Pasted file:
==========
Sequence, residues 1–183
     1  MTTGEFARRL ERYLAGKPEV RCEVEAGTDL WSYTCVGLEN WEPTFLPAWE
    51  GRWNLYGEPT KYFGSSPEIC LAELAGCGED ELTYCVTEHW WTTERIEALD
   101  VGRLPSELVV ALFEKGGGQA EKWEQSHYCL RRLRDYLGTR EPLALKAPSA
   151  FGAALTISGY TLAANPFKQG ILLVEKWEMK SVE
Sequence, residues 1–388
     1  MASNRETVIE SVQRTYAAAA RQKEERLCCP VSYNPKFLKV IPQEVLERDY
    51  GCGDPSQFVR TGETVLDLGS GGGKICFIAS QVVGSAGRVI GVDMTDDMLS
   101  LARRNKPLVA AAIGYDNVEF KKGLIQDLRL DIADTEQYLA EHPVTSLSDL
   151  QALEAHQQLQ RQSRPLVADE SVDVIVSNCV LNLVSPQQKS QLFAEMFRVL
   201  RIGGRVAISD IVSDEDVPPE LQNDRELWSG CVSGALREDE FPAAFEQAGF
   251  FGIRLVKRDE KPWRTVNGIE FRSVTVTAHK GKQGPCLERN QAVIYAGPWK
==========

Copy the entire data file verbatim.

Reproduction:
Sequence, residues 1–183
     1  MTTGEFARRL ERYLAGKPEV RCEVEAGTDL WSYTCVGLEN WEPTFLPAWE
    51  GRWNLYGEPT KYFGSSPEIC LAELAGCGED ELTYCVTEHW WTTERIEALD
   101  VGRLPSELVV ALFEKGGGQA EKWEQSHYCL RRLRDYLGTR EPLALKAPSA
   151  FGAALTISGY TLAANPFKQG ILLVEKWEMK SVE
Sequence, residues 1–388
     1  MASNRETVIE SVQRTYAAAA RQKEERLCCP VSYNPKFLKV IPQEVLERDY
    51  GCGDPSQFVR TGETVLDLGS GGGKICFIAS QVVGSAGRVI GVDMTDDMLS
   101  LARRNKPLVA AAIGYDNVEF KKGLIQDLRL DIADTEQYLA EHPVTSLSDL
   151  QALEAHQQLQ RQSRPLVADE SVDVIVSNCV LNLVSPQQKS QLFAEMFRVL
   201  RIGGRVAISD IVSDEDVPPE LQNDRELWSG CVSGALREDE FPAAFEQAGF
   251  FGIRLVKRDE KPWRTVNGIE FRSVTVTAHK GKQGPCLERN QAVIYAGPWK